The Chief Instructor – Master Martin Ace, 8th degree black belt.
I began training in 1982 and initially started with Seibukan karate with my friend Mil. I was interested in learning how to defend myself and throw a few flashy kicks. The idea of ever actually sticking it out to gain a black belt never entered my mind. After all, black belts are only for the few gifted people out there, or so I thought. Mil and I trained hard together and both took our first martial arts grading on 1st July 1983 under Vernon Bell, the man credited with bringing karate into England. Mil and I were both really pleased as that grading was marked in points, and we both came out with the highest mark in the club that day.
I drifted around with various styles until in January 1985 I began a relatively new style named Sul Ki Do. I really enjoyed the SKD training and this further fuelled my interest in martial arts. So, whilst training three times a week in SKD, I took up Wing Chun kung fu twice a week too. I trained at a couple of clubs, one of which was recommended to me by a friend, Demetrios, that I met previously in SKD. After about four or five months, I stopped Wing Chun altogether, tried a couple of months of kickboxing, again with Mil, and then got involved with SKD whole heartedly, attending ten to twelve classes a week from December 1985 until the end of 1987. I achieved my 1st degree black belt in Sul Ki Do on 24th September 1988.
My Tae Kwon Do training began a year earlier in October 1987 when I had already graded to “Deputy Black Belt” in SKD. I was introduced to Master K. Lye, a 6th degree black belt, who I started training with. He not only became my instructor, but a great influence on my martial arts training. Master Lye was not only a real expert in TKD, but a very good teacher too. Five times Malaysian national champion and a runner up in The South East Asian Games, this man was not only a full-contact competitor of international standard, but also a terrific instructor, a great motivator, and the inspirational force that led me to opening my own TKD club back in June 1993. Unfortunately Master Lye retired from teaching in 2007, but still takes an active role as the founder of the EWEST Taekwondo Association. Under his tutorage, I achieved my 1st degree black belt under Master Lye on 23rd February 1993, 2nd degree on 18th September 1994, 3rd degree on 6th July 1997, my 4th degree black belt Master Instructor on 17th December 2000, and my 5th degree black belt on 13th December 2005.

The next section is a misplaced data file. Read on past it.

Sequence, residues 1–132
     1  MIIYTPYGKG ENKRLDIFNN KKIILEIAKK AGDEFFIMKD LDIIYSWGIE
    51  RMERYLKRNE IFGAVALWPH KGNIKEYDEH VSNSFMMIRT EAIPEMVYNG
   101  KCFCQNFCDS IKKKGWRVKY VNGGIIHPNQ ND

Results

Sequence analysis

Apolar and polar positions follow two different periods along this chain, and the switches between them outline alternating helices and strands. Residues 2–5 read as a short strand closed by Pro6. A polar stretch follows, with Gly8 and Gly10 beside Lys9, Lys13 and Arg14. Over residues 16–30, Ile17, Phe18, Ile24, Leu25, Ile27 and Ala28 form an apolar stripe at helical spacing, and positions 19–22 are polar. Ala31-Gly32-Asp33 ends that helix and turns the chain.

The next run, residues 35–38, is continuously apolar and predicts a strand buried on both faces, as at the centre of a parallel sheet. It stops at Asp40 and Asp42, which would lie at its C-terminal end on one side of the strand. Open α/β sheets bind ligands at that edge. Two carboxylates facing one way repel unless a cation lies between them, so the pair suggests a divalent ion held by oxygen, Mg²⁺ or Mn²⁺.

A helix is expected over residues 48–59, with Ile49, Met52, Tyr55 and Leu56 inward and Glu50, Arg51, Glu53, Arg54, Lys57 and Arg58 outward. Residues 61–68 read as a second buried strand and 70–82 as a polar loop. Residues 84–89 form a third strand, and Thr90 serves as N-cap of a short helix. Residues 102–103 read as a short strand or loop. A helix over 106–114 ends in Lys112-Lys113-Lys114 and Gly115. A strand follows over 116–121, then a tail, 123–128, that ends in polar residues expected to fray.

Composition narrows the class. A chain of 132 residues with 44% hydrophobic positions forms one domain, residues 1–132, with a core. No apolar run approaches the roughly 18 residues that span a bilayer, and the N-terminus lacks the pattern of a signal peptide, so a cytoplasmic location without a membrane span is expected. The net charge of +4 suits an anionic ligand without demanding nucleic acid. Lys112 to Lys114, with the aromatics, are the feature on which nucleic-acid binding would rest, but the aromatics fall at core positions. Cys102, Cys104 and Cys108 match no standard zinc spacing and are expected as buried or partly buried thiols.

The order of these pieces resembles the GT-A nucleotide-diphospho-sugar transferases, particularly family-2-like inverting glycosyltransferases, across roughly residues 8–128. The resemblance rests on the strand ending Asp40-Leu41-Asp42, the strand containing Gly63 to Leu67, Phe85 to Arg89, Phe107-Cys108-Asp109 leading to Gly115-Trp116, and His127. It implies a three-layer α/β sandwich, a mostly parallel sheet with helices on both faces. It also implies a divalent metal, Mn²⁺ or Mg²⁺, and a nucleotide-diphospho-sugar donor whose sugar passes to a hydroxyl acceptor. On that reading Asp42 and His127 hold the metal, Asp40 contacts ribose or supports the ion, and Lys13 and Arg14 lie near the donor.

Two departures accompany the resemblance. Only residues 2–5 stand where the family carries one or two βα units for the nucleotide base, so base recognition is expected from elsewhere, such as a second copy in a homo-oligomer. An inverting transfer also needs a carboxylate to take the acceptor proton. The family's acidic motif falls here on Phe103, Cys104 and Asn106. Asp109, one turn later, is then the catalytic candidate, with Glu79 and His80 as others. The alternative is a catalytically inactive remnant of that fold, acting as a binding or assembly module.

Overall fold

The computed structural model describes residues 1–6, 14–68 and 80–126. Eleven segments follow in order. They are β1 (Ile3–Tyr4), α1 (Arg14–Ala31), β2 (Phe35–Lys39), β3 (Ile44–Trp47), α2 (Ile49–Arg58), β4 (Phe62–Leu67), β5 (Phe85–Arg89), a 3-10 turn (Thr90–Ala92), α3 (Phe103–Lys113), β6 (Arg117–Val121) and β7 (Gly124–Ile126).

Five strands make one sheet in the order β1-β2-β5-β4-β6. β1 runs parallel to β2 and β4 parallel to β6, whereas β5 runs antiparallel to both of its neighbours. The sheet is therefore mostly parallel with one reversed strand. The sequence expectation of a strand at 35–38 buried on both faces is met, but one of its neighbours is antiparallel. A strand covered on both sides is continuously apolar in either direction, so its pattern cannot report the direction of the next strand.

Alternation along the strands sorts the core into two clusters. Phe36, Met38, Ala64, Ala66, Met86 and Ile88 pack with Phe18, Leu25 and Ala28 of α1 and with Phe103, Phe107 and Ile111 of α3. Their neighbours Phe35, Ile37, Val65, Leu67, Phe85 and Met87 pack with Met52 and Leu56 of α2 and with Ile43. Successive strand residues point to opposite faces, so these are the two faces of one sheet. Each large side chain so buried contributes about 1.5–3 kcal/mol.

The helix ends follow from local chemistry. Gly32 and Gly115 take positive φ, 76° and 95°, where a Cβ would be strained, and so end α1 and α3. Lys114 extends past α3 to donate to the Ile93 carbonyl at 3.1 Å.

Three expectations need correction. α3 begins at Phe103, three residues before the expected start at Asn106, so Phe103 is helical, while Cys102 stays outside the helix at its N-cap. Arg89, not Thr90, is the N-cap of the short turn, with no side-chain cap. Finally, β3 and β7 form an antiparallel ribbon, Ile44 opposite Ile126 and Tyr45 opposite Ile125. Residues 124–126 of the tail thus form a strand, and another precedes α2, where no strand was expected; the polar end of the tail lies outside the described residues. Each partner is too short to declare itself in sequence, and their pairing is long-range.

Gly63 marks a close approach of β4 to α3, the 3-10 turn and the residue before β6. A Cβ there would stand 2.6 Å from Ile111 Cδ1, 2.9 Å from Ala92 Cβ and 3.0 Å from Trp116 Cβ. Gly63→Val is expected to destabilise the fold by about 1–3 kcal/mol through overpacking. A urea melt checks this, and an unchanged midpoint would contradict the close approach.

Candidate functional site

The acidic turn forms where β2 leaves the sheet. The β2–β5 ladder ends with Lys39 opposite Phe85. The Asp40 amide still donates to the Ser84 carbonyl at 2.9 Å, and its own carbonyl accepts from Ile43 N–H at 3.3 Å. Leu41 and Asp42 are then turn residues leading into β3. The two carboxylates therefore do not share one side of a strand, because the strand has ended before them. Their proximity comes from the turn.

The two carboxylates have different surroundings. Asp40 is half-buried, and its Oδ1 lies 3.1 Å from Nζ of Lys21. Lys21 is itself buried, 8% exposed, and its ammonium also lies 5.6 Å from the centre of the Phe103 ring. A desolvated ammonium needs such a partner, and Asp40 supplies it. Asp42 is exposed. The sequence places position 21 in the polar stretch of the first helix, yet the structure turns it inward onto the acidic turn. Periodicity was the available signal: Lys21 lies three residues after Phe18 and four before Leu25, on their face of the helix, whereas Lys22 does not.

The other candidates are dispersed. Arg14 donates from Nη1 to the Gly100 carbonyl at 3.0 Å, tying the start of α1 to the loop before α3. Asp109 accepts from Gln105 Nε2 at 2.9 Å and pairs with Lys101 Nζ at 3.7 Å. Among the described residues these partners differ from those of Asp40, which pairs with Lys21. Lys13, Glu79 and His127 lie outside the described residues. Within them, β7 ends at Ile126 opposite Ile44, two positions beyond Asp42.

I love teaching all aspects of martial arts. Being a constant encouragement to my students, helping them to attain new skills and seeing them climb up through the grades is a real pleasure for me. Seeing them graduate up to the black belt is as exciting for me to see, as it is for them to achieve.
On 2nd October 2000, I made the big transition, and turned professional, leaving my career in IT. I initially designed a training programme to take people from beginner to black belt in 36 months. That was successful, however I changed the methodology of teaching and running classes in May 2005 and we can now take students to black belt standard in only 24 months. There’s actually no reason for anybody not to achieve this. Training twice a week at The Academy, with 15 minutes of home training a day is enough. However, it is possible to fast-track through this by enrolling in our Leadership Programme. This was proved by one of our students, who gained his 1st degree black belt in only 14 months.
Aside of martial arts, I’m a Christian and try to attend Chase Family Church in Enfield Town when time permits.
I’m a keen motorcyclist and got into bikes about the same time I started martial arts regularly, at the age of 16. I enjoy riding in good weather, touring on the continent, and have been on race tracks a few times. There is a massive crossover of skills between motorcycling and martial arts. Consider balance, perception, reaction speed, spatial awareness, and the all-important factors of planning and timing, and I’m sure you can appreciate that these qualities are beneficial to both activities.